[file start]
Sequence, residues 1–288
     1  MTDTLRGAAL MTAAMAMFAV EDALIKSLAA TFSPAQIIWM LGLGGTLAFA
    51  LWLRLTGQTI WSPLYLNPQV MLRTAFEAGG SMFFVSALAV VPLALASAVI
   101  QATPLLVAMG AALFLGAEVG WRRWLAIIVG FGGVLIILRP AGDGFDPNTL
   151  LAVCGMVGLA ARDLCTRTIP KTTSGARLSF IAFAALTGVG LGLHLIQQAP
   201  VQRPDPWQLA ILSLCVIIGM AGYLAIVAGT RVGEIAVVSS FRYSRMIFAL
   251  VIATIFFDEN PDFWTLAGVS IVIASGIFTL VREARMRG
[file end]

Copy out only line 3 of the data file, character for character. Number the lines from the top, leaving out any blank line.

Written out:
    51  LWLRLTGQTI WSPLYLNPQV MLRTAFEAGG SMFFVSALAV VPLALASAVI